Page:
Each Operator Component may contain several Action Views. They represent a UI for access to the actions in the backend. Several Actions may be attached to a single Action View, and Actions may appear in several Action Views.

For example, an Action View might show a list of Rectified Datasets with basic metadata which allows to create and delete items. Creation and deletion should each be modeled as Actions on the server side. Another Action View may show the whole information for a single Rectified Dataset and include forms and inputs to edit the metadata.

As far as possible, the Action Views should be composed of reusable Widgets. Widgets consist of HTML and/or JavaScript. The aforementioned list of Rectified Datasets would be a typical example. It could be used also in the Dataset Series View.

The core implementation of the Operator Interface shall provide reusable components to build Widgets of (e.g. lists ...).

The communication between the Action Views and the underlying Actions should be done via specific Interfaces. One REST-based interface shall be implemented whiche shall allow to read data and metadata to be displayed, and one RPC-based interface shall be implemented in order to trigger actions on the server side.

Detailed Concept Description

In this chapter, the introduced concepts will be elaborated in detail.

Layout of the Operator Interface

The entry point to the operator interface shall be a dashboard-like page. It is envisaged to present a tab for each Operator Component; this tab shall contain an overview of the Action Views the Operator Component exhibits.

So, on the client side, each Operator Component should provide:

  • A name for the Operator Component that will be shown as caption of the tab
  • the overview of the Operator Component, which links to the Action Views
  • the Action Views
  • the Widgets used in the Action Views
  • a widget to be displayed on the entry page dashboard (optional)

Each visual representation of the Operator Interface, namely the entry page dashboard, the Operator Component overview and the Action Views consist of:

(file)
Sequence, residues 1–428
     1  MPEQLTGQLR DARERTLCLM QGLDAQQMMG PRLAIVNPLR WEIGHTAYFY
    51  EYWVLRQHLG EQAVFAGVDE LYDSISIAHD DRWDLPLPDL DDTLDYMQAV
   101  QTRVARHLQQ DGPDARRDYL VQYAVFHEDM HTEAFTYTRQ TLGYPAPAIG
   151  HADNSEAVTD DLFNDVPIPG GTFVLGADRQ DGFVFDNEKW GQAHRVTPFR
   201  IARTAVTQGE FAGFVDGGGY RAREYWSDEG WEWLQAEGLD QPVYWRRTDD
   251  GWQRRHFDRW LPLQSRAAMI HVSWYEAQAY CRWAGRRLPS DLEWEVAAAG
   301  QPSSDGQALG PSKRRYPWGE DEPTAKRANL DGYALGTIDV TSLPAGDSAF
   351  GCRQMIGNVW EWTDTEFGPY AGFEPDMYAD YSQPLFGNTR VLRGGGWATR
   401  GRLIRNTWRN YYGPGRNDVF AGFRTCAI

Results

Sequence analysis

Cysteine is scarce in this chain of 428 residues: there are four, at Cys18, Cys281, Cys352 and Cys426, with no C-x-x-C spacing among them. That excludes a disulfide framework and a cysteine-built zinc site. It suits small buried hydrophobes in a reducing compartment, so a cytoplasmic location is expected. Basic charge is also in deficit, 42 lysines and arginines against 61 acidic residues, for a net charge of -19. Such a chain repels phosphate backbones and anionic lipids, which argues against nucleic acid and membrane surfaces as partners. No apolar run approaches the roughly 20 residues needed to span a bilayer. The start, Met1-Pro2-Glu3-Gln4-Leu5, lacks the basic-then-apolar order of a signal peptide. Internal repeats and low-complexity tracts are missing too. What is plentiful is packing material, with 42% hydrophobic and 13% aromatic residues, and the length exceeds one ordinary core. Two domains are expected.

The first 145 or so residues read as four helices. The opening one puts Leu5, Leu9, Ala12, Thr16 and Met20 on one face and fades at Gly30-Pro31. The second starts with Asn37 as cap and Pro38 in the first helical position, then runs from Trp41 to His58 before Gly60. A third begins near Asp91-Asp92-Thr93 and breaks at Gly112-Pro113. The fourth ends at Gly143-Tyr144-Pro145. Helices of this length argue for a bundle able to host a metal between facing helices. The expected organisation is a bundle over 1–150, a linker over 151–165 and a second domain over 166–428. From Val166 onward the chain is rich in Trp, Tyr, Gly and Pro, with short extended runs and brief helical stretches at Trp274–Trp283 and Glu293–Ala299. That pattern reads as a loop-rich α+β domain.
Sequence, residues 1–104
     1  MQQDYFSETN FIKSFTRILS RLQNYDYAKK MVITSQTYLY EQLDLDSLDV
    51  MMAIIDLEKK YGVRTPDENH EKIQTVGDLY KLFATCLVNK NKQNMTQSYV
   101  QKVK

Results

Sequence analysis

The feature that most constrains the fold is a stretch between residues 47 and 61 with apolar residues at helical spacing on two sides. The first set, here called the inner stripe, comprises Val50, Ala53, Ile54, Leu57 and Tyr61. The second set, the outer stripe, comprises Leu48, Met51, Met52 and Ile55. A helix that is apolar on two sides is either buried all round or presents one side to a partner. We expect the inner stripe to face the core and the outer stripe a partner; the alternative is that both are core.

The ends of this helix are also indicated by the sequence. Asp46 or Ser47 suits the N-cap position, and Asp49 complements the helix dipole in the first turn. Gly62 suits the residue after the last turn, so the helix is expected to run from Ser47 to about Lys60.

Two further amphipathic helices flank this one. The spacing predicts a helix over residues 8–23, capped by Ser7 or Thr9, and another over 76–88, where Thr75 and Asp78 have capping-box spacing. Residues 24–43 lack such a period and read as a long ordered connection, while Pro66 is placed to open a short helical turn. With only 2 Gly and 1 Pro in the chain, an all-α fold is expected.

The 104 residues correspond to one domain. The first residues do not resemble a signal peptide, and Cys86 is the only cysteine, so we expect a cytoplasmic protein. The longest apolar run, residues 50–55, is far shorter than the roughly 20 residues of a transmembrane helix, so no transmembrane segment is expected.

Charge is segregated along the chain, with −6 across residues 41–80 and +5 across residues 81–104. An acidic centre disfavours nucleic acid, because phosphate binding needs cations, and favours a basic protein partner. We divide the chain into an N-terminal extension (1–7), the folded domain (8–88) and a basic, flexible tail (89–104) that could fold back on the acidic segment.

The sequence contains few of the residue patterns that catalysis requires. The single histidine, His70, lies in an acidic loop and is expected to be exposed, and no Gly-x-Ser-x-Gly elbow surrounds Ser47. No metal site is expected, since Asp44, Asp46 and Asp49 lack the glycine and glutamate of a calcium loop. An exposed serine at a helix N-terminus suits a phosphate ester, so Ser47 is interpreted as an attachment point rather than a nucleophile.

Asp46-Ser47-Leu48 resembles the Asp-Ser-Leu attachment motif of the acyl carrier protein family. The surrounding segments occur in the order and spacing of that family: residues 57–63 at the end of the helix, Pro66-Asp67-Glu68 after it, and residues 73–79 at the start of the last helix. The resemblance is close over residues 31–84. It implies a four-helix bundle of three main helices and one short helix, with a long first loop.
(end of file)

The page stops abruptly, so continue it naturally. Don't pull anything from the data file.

• A Django HTML template
  • A JavaScript View class
  • A python class, entailing arbitrary information and “glue” between the other two parts

Only the third part needs to be adjusted when creating a new visual element, for both the template and the JavaScript class defaults shall help with the usage.

Action Views and Operator Component overviews should fit into the same basic layout; customizable CSS should be used for styling. The design of the entry page design (dashboard) may differ from the design of the sub-pages.

Components and Operator Components

Proposed Operator Components:

  • User Management
  • Configuration Management
  • Action Control Center
  • Coverages

Action Views

Proposed Action Views:

  • User Management
    • add/delete users
    • edit permissions
  • Configuration Management
    • enable and disable components
    • edit configuration settings
  • Action Control Center
    • overview over running and completed actions
    • detail views for actions, including status and logs
  • Coverages
    • For both Rectified and Referenceable datasets:
      • list view including limited update and delete actions
      • detail view including update and delete actions
      • create view to create a new dataset
    • For both Rectified Stitched Mosaics and Dataset Series
      • list view including limited update and delete actions
      • detail view including update, delete and synchronize actions and a list display of all contained datasets and data sources including actions to insert/remove data sources or datasets
      • create view to create a new dataset
    • list view of Range Types with create, limited update and delete actions
    • detail view of Range Types with update and delete actions and a list display of all included Bands with update actions
    • list view of Nil Values with create, update and delete actions